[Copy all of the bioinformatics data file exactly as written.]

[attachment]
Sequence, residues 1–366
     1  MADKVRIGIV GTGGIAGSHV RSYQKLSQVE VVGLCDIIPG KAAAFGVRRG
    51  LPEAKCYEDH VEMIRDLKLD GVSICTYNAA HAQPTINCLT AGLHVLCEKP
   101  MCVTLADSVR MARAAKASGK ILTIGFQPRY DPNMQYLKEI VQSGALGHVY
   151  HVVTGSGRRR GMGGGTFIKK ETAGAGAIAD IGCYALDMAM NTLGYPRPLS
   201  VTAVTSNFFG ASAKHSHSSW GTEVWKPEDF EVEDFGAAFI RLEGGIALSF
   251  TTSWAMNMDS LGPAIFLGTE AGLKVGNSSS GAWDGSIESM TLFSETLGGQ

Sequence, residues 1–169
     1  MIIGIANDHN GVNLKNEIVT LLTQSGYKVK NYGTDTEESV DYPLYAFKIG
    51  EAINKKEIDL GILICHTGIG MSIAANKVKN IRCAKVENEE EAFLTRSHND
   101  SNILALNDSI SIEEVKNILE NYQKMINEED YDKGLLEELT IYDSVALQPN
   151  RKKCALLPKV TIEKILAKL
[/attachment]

Sequence, residues 1–366
     1  MADKVRIGIV GTGGIAGSHV RSYQKLSQVE VVGLCDIIPG KAAAFGVRRG
    51  LPEAKCYEDH VEMIRDLKLD GVSICTYNAA HAQPTINCLT AGLHVLCEKP
   101  MCVTLADSVR MARAAKASGK ILTIGFQPRY DPNMQYLKEI VQSGALGHVY
   151  HVVTGSGRRR GMGGGTFIKK ETAGAGAIAD IGCYALDMAM NTLGYPRPLS
   201  VTAVTSNFFG ASAKHSHSSW GTEVWKPEDF EVEDFGAAFI RLEGGIALSF
   251  TTSWAMNMDS LGPAIFLGTE AGLKVGNSSS GAWDGSIESM TLFSETLGGQ

Sequence, residues 1–169
     1  MIIGIANDHN GVNLKNEIVT LLTQSGYKVK NYGTDTEESV DYPLYAFKIG
    51  EAINKKEIDL GILICHTGIG MSIAANKVKN IRCAKVENEE EAFLTRSHND
   101  SNILALNDSI SIEEVKNILE NYQKMINEED YDKGLLEELT IYDSVALQPN
   151  RKKCALLPKV TIEKILAKL